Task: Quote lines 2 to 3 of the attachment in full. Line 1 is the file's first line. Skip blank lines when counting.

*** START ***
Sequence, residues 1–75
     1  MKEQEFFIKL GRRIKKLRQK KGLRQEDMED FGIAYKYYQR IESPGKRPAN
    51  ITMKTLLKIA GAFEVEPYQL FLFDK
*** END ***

     1  MKEQEFFIKL GRRIKKLRQK KGLRQEDMED FGIAYKYYQR IESPGKRPAN
    51  ITMKTLLKIA GAFEVEPYQL FLFDK